2. Malfurion the Pestilent – 60% WR, #2 Druid card
  3. Druid of the Swarm – 59.2% WR, #3 Druid card
  4. Fatespinner – 58.5% WR, #4 Druid card
  5. Webweave – 58.4%, t5 Druid card

If by some cruel twist, the main complaint of Ranked Hearthstone is also the best Druid class card for Arena. It is a new Arena development, as Druid was never top shelf in the format. The top Druid class cards all being new cards likely has something to do with the class’ rise in the ranks.

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The equilvalence of playing dead in arena.

Hunter

  1. Deathstalker Rexxar – 57.7% WR, #1 Hunter card
  2. Venomstrike Trap – 56.5% WR, #17 Hunter card
  3. Abominable Bowman – 55.7% WR, #31 Hunter card
  4. Corpse Widow – 55.7% WR, t31 Hunter card
  5. Professor Putricide – 55.5% WR, #34 Hunter card

Unlike other classes, Hunter doesn’t rely on card quality, rather playing the Aggro game to be faster than others. The new cards from this expansion weren’t too impressive relative to the Hunter class toolkit.

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Frankly a mystery why anyone would draft this.

Mage

  1. Frost Lich Jaina – 60.1% WR, #1 Mage card
  2. Sindragosa – 57.1% WR, #15 Mage card
  3. Coldwraith – 56.8% WR, #20 Mage card
  4. Ghastly Conjurer – 56.6% WR, #33 Mage card
  5. Breath of Sindragosa – 55.8% WR, #40 Mage card

How the mighty have fallen. The top two class cards for Mage are legendaries, but Frost Lich Jaina gets a decent boost (9.4% of all Arena Mages) from the synergy pick system. The Mage toolkit was lousy for the new set, with a couple of unplayable epic spells, and this helped bring the class down a bit. There were no “bomb spells.” Coldwraith is good, but everything else pales in comparison to the spells from Un’Goro and before.

Light's Sorrow(61833).png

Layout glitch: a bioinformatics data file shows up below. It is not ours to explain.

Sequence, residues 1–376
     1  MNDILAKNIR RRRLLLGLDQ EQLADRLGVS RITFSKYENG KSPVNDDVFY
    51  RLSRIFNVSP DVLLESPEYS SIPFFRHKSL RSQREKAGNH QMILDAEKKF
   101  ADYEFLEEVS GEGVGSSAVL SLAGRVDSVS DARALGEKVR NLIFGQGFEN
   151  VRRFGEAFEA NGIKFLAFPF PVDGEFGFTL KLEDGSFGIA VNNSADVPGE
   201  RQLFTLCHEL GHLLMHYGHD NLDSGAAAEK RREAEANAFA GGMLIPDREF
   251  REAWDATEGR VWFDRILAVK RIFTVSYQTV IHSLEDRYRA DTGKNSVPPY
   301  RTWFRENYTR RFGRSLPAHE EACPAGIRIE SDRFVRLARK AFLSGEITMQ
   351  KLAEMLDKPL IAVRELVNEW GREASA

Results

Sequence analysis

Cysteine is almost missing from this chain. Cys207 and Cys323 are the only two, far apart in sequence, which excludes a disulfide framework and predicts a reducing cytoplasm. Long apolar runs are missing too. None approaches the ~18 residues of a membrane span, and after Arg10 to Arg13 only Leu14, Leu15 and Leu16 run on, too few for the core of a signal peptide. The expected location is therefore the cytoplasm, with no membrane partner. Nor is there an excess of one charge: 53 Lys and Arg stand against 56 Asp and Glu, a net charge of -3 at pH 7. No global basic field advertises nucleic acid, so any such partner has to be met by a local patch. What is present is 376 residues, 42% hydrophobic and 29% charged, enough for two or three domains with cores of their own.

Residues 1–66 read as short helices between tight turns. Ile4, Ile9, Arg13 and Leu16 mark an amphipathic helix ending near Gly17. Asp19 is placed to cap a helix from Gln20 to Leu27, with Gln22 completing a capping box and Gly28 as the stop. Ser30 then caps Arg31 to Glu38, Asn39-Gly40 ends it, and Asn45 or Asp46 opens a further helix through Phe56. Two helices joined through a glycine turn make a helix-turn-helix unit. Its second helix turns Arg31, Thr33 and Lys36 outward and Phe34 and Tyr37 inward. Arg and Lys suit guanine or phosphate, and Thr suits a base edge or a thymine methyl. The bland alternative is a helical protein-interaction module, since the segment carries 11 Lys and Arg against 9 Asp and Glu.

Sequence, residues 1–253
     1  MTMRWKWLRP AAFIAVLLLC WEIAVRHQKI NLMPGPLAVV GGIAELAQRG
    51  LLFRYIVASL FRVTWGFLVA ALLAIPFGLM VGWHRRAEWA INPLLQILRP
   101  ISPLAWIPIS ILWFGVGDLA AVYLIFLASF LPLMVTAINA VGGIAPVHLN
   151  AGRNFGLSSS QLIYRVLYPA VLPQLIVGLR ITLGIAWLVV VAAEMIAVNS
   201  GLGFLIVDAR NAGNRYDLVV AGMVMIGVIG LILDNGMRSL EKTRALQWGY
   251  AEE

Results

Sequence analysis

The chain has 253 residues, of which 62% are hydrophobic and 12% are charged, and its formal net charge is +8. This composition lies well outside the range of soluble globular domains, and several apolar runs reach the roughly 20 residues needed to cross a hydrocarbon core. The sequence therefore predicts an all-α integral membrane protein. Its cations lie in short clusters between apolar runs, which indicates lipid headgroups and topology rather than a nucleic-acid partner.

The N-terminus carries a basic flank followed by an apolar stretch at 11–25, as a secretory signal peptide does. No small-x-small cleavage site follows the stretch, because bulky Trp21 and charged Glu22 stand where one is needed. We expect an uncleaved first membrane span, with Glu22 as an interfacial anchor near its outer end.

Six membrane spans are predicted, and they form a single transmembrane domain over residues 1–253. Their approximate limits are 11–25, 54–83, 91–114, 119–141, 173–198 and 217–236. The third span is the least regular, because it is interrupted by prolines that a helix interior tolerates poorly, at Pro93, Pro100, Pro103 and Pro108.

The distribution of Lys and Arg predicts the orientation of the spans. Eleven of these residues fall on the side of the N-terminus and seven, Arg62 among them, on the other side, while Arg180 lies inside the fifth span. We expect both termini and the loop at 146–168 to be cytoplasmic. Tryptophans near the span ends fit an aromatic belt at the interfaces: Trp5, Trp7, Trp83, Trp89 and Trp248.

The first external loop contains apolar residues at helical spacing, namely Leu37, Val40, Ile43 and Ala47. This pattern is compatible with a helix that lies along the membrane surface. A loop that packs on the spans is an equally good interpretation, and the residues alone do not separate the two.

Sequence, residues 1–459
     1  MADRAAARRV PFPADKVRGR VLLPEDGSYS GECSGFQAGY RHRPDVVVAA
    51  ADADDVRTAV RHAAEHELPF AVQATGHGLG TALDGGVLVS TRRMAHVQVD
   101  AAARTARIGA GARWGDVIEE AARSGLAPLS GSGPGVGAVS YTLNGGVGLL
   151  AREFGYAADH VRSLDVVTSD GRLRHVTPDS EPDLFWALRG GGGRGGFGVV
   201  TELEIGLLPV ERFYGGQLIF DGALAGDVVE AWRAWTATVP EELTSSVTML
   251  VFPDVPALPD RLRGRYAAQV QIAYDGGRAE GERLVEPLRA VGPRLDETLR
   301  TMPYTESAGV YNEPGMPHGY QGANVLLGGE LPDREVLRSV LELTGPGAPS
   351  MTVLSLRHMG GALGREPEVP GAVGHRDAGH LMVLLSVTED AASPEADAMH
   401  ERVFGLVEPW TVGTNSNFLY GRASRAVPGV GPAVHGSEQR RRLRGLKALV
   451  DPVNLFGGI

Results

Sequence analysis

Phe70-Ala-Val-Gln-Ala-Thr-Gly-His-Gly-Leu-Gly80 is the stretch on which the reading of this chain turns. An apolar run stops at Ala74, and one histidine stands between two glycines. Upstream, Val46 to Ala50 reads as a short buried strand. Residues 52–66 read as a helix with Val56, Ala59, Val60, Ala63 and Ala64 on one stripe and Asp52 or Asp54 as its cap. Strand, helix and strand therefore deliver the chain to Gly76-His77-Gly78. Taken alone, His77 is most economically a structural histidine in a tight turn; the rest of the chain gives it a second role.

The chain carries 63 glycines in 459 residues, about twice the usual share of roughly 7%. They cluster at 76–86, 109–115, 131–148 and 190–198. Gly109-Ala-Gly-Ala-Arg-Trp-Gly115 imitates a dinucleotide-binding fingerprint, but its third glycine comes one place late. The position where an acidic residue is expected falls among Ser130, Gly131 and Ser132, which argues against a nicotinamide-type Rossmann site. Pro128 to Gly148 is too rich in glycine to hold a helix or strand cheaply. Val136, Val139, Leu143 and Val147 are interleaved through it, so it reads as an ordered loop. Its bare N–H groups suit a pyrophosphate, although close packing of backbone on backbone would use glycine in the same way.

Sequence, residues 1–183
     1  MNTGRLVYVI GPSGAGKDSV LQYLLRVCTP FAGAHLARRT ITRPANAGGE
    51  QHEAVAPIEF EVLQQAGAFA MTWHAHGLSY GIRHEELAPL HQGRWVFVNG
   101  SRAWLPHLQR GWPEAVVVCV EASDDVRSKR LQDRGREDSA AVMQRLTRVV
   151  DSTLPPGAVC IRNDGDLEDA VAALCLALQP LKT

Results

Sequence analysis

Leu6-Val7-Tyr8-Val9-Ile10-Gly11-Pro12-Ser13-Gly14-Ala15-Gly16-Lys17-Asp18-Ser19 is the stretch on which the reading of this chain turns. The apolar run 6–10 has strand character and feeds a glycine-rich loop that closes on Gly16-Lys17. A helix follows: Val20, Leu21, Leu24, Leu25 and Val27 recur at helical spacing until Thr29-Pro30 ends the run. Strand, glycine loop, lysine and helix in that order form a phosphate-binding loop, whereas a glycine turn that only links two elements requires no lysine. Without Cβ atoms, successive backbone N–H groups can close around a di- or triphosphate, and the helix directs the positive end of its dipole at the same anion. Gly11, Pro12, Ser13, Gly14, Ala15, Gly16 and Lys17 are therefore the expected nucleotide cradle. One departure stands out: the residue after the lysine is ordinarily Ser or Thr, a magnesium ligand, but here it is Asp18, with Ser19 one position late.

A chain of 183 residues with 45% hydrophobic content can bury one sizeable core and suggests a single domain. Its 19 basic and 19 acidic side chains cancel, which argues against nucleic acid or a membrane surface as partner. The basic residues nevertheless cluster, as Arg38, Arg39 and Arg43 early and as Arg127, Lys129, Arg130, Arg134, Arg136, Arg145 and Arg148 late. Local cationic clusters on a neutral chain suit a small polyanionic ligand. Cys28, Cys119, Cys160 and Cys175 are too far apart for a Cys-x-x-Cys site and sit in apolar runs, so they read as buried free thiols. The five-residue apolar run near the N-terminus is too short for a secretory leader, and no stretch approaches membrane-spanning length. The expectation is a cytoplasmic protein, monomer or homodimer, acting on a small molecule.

This card is sad. Don’t draft it.

Paladin

  1. Uther of the Ebon Blade – 60.7% WR, #4 Paladin card
  2. Righteous Protector – 60% WR, #12 Paladin card
  3. Bolvar, Fireblood – 58.4% WR, #29 Paladin card
  4. Dark Conviction – 58.1% WR, #32 Paladin card
  5. Arrogant Crusader – 58% WR, #34 Paladin card

To show the quality of Paladin cards in Arena, Righteous Protector is just #12, and it is as good as it gets for a 1-drop. A lot of lackluster cards, but everything is overpowered to keep the class great. Note the reduction of Stonehill Defender, which makes it a must-pick draft rare.

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This can be countered by blind drafting kappa.

Priest

  1. Shadowreaper Anduin – 59.4% WR, #1 Priest card
  2. Obsidian Statue – 55.4% WR, #20 Priest card
  3. Shadow Ascendant – 55.3% WR, #23 Priest card
  4. Embrace Darkness – 54.1% WR, #34 Priest card
  5. Spirit Lash – 54% WR, #35 Priest card

Seeing a trend here, yes the Death Knight heroes remain quite good. Obsidian Statue is a good card, but costing 9 likely has something to do it being just 20th best. Shadow Ascendant might be better in classes with more aggressive early game as well. Everything else is mediocre.